How does alcohol licensing actually work?

How does alcohol licensing actually work? – words Alexa Wang

So, you’re thinking of your next venture? Is it a pub, is it a restaurant, or just any establishment where alcohol will be served? If so, then you will need a licence to sell the ‘good stuff’.

Before you get to the money-making stage we all dream of, you need to know everything about alcohol licensing and what it means for you. So that you don’t fall at the first hurdle, business gas specialists Flogas have put together this simple information sheet that’ll take you through all there is to know – hurrah!


The general rules

If you have your business idea sorted, great! However, if you are planning to sell or supply alcohol in England and Wales then I’m afraid you must get a licence which is authorised by the licensing authority. This is usually a local council and the legislation is overseen by the Home Office. It’s defined is as follows:

  1. Businesses that sell or supply alcohol on a permanent basis, such as pubs, need to apply for a premises licence.
  2. Those who plan to authorise the sale of alcohol must apply for a personal licence, alongside the premises licence, if they are also the owner of the business in that premises.

Alongside a fee (boo!), you must complete an application form and send it to the local council. As well as the local authority, you will also have to send your application to the police and other responsible authorities; these responsible authorities can include:

  • Local fire and rescue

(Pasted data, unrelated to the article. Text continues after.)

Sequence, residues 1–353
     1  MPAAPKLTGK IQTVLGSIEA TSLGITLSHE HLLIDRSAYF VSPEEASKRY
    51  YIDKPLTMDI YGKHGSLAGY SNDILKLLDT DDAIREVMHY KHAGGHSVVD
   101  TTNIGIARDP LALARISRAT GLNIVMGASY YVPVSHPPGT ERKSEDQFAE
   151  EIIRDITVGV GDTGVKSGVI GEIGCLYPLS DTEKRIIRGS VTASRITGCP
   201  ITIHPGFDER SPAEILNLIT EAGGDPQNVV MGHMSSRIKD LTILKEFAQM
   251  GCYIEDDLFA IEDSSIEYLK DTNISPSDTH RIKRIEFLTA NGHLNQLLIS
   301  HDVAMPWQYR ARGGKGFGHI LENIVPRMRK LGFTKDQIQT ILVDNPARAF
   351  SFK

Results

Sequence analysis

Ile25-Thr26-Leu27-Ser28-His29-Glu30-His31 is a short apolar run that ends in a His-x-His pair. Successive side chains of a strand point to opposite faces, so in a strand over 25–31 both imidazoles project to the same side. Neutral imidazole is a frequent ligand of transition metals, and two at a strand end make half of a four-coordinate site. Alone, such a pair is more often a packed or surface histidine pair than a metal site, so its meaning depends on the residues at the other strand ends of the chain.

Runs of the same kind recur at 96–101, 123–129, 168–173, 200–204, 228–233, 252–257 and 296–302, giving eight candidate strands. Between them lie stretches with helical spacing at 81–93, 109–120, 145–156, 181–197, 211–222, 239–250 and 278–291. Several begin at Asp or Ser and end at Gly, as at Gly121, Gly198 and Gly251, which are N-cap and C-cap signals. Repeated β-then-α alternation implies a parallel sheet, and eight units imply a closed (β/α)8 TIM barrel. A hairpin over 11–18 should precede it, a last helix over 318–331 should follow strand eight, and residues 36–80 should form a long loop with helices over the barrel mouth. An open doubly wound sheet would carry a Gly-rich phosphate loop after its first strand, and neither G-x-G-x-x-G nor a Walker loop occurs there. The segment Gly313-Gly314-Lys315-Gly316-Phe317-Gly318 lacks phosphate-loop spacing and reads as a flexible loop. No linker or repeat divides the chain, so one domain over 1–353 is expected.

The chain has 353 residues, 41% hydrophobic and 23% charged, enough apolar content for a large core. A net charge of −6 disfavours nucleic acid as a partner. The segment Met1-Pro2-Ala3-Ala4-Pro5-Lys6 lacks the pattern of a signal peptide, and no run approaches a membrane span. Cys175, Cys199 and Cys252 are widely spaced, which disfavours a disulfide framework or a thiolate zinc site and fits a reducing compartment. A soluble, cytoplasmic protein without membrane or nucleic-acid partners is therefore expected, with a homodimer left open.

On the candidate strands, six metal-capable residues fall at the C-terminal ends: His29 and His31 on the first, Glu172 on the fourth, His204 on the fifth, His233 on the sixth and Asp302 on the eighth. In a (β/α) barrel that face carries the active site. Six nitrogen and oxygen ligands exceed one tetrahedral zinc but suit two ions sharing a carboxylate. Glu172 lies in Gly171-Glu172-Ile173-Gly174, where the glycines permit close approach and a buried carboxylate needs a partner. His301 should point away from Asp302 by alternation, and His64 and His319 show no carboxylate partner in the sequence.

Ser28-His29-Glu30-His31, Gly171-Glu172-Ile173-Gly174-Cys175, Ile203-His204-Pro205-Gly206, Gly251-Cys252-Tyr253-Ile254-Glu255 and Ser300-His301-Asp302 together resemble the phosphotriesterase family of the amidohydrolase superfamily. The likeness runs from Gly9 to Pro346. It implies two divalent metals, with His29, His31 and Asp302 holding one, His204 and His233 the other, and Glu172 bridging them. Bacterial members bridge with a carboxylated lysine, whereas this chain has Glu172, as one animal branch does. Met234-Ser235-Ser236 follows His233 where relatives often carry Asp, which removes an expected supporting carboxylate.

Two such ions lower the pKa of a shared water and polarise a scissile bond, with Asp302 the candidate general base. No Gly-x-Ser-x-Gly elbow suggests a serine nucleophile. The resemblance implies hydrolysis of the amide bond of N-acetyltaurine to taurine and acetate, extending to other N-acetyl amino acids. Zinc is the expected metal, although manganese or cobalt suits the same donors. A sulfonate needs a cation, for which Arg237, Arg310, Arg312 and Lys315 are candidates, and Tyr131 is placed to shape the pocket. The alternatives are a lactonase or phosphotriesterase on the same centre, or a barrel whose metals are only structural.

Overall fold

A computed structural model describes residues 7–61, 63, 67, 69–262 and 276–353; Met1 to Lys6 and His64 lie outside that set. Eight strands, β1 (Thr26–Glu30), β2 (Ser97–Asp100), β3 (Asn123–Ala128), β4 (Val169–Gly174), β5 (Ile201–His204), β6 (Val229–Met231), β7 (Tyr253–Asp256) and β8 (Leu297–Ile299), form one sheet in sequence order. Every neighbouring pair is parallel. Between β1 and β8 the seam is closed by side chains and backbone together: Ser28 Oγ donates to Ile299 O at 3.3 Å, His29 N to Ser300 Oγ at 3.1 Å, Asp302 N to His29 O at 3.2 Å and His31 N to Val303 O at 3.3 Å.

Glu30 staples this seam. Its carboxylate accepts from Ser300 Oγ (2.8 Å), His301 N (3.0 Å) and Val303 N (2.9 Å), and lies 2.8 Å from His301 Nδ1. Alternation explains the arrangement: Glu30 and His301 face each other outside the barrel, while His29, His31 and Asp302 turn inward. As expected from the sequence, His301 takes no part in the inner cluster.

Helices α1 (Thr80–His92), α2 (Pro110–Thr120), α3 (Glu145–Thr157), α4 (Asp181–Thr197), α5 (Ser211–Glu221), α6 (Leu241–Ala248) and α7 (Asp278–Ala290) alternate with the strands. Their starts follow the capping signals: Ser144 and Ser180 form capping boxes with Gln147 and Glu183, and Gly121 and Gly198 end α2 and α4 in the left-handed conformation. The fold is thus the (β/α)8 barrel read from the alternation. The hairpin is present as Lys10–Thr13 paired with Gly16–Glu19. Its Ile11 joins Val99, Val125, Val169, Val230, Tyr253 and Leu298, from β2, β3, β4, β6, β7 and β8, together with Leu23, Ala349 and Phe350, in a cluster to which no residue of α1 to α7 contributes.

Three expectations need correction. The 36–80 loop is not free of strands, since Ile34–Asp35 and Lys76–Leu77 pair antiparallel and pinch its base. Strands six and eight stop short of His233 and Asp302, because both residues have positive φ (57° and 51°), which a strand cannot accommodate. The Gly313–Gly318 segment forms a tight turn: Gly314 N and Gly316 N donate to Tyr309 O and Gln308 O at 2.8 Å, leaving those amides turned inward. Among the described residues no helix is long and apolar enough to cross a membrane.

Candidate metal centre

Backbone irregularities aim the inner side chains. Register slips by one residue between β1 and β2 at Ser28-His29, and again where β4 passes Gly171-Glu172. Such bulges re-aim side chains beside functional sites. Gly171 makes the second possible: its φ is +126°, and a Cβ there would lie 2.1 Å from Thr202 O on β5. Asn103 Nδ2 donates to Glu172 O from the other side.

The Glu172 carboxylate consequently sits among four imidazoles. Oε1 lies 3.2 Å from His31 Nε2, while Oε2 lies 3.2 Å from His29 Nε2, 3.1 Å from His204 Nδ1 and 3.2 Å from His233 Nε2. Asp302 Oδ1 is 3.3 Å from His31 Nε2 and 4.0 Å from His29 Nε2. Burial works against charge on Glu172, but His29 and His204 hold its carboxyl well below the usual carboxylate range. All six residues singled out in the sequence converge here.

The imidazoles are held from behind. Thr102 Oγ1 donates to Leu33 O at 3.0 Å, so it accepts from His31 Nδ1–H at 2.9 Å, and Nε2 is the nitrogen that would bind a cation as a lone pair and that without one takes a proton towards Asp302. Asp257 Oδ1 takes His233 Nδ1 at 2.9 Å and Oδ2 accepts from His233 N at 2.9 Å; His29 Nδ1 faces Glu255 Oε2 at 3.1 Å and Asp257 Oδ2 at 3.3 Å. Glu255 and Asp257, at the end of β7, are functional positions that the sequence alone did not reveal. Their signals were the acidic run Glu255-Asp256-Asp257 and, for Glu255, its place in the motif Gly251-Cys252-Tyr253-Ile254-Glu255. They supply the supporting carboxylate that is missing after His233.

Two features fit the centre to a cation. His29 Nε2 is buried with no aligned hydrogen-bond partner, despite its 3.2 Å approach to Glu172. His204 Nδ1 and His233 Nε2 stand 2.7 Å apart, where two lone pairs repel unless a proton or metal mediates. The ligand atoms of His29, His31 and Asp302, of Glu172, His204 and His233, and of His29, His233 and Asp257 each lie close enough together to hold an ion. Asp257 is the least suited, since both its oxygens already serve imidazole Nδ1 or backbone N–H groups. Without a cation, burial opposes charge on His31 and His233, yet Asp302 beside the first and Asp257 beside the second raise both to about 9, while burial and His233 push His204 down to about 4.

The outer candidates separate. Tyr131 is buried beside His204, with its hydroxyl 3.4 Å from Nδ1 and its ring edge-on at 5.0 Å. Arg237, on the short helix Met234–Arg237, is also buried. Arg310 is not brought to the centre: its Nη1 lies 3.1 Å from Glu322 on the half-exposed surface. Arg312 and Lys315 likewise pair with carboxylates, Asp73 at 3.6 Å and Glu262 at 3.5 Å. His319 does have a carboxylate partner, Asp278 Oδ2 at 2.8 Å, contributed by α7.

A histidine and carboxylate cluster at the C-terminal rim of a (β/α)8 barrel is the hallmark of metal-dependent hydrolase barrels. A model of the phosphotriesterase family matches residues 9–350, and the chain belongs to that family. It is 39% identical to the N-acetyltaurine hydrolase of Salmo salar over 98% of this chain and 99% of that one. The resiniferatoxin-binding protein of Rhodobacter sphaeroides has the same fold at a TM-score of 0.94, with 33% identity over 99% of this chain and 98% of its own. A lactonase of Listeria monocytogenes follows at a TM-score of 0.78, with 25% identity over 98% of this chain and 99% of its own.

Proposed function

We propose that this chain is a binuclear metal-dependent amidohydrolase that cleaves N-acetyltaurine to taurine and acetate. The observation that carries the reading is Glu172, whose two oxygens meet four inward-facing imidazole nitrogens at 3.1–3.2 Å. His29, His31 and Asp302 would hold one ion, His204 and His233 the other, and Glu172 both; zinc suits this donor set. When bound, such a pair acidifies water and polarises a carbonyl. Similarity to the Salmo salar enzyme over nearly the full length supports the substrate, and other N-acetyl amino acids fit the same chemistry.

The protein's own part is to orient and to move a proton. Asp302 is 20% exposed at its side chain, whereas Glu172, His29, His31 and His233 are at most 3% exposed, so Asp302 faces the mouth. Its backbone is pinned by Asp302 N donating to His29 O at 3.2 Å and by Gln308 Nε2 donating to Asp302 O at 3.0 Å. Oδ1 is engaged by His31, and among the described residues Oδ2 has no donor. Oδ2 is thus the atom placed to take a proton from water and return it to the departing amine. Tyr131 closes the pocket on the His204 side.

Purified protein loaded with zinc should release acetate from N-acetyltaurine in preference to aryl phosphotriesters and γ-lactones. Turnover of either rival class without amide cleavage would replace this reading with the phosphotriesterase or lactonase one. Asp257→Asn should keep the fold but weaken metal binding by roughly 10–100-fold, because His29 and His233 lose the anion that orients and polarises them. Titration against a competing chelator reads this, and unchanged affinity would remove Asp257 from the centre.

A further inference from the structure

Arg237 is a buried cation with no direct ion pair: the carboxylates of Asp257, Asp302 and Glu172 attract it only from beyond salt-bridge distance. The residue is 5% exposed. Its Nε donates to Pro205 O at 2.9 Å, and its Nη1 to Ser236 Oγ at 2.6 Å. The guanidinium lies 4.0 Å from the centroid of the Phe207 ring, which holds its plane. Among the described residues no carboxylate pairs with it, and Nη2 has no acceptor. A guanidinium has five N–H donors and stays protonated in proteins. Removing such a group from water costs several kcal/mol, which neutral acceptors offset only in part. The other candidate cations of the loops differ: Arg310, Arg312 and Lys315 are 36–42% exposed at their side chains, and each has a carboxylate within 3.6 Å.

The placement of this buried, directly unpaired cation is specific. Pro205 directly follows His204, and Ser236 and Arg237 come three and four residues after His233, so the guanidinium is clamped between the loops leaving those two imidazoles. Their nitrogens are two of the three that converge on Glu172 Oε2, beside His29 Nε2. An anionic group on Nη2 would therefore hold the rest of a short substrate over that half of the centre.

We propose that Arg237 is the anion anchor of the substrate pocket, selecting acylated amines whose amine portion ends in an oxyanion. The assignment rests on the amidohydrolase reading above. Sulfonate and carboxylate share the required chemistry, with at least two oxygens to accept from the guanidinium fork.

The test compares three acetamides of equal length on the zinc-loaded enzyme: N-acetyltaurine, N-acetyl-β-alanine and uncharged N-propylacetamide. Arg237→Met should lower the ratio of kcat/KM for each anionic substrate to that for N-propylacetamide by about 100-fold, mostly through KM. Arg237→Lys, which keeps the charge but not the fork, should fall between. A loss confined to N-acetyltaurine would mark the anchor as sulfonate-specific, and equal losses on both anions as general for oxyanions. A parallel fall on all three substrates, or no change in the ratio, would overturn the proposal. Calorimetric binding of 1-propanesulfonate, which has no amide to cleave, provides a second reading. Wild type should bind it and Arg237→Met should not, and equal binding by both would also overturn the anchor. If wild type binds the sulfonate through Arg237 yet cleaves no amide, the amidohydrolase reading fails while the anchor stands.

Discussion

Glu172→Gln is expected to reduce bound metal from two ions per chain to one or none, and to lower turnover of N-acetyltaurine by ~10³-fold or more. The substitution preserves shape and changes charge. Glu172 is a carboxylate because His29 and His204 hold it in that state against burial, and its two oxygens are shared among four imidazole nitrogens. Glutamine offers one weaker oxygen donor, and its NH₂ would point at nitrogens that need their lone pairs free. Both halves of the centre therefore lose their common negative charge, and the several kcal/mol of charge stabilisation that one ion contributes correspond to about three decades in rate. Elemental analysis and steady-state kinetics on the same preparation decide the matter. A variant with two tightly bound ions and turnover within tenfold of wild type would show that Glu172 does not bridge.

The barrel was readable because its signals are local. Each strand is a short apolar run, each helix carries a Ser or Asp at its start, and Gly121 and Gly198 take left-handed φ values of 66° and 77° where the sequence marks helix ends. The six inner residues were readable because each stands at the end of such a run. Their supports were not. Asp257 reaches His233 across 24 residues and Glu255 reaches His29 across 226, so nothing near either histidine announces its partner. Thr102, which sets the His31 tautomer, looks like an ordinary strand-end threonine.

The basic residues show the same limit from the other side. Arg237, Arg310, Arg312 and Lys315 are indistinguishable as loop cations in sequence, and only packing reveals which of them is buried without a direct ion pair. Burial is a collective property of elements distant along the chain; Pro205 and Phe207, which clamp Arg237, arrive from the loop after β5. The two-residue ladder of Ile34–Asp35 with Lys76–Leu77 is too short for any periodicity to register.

• Local trading standards
  • Environmental health authority
  • Planning authority
  • The primary care trust (PCT) or local health board (LHB)
  • Any other licensing authority in whose area part of the premises is located.

Premises licences

In simple terms, the licence allows you to hold activities involving alcohol on your premises. To be successful in applying for this licence, you will be asked a series of questions including the following:

  • General information regarding the premises such as the address.
  • Your details as an applicant.
  • The operating schedule, including the date you want the licence to start from on the premises.
  • You should indicate what licensable activities you wish to carry out by ticking the appropriate boxes on the form. You should also indicate what days and times you want the licence to be active from. This also includes the provision of regulated entertainment, such as indoor sporting events, live music and recorded music.
  • Under the new licensing laws, you should also stipulate who you wish to be the designated premises supervisor (DPS).
  • The opening hours of your premises.
  • How you intend to promote the four key licensing objectives, which are: the prevention of crime and disorder, public safety, the prevention of public nuisance, the protection of children from harm.
  • The planning of the premises and any advertising on or around the premises that you wish to use.

Personal licences

If it’s a pub you’re looking to run, your general staff don’t require a personal licence, but all pubs do have to have a premises supervisor that holds a personal licence.

If you are going to be the owner of the premises licence, then you would also apply to be the personal licence holder if the pub was your own business. Furthermore, anyone who works in a pub should be authorised to do so by the personal licence holder.

Now you know all that is needed, serving alcohol in your new venture should be straight forward. So, get the licence and get pouring those pints! Cheers!

How does alcohol licensing actually work? – words Alexa Wang


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